The first Blooker prize, an award for the most literary blog-to-book conversion, has been won by 30 year-old American Julie Powell for a book based on her blog, Julie and Julia: 365 Days, 524 Recipes, One Tiny Apartment Kitchen.
The book beat the British contender, Belle De Jour: Intimate Adventures of a London Call Girl, to the $2,000 prize, which the organisers hope will become as recognised as the Man Booker prize for fiction.
The winner also has a Booker connection; the author used to work for Peter Carey, the Australian writer who has twice won the Booker, once for Oscar and Lucinda in 1998 and again with The True History of the Kelly Gang in 2001.
Powell has been working as a nanny and secretarial temp while penning her blog, in which she tries to cook recipes from American cookery grande dame Julia Child in a cramped New York apartment over the course of a year.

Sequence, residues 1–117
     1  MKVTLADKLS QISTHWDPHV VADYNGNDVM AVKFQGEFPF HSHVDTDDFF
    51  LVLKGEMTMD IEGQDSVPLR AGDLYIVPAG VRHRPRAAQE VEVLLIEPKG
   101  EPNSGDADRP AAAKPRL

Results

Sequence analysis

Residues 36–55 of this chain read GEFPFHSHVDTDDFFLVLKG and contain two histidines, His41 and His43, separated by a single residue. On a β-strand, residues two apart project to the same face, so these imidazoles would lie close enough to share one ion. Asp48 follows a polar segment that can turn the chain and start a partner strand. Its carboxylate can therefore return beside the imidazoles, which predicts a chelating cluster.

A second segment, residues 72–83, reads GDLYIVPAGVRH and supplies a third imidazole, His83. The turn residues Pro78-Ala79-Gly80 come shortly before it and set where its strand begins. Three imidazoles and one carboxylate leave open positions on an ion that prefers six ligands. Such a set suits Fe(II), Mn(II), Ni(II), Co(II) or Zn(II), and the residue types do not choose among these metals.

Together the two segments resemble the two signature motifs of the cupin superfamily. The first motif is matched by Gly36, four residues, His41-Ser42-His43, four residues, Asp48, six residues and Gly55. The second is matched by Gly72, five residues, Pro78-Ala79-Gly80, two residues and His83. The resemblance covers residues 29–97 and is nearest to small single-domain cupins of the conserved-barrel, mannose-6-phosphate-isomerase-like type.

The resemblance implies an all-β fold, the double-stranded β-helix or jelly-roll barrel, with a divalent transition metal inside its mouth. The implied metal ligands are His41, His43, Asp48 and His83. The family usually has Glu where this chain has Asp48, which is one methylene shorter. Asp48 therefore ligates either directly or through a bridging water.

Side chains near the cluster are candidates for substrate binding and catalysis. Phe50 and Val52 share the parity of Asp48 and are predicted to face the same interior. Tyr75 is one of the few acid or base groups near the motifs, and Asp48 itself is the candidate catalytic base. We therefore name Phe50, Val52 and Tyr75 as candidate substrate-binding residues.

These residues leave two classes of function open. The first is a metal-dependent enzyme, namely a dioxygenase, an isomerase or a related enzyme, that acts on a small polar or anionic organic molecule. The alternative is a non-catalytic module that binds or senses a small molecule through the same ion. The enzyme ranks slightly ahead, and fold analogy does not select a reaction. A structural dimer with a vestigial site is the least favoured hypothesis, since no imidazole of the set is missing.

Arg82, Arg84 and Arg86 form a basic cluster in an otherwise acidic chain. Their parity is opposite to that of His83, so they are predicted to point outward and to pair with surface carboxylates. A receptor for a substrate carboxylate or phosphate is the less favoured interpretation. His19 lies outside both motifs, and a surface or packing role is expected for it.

"Too old for theatre, too young for children, and too bitter for anything else, Julie Powell was looking for a challenge," she writes.
"And in the Julie/Julia project she found it. Risking her marriage, her job and her cats' wellbeing, she has signed on for a deranged assignment: 365 days, 536 recipes, one girl and a crappy outer borough kitchen."
The book of the blog has sold over 100,000 copies, and a film is planned shortly.
"A great 'blook' is not a website shovelled onto paper," wrote Blooker committee judge Paul Jones in his blog.
"Julie and Julia successfully makes the transition and grows as it goes having learned from the blog readers.
"The deeply personal story of an obsession leads us all to see what could be trivial and indulgent as a personal and, as it turns out, communal art; an art of transformation and of conquest, of egg dishes and of self-doubt."
Delays to the roll-out of age verification for adult websites hasn't stopped government from considering extending them to more websites
Bluehole confirms rumours that Playstation 4 port is coming on 7 December
Atmospheric iodine works as a significant sink of tropospheric ozone, nullifying the harmful pollutant
A temperature rise of just 1.8° C would melt major ice sheets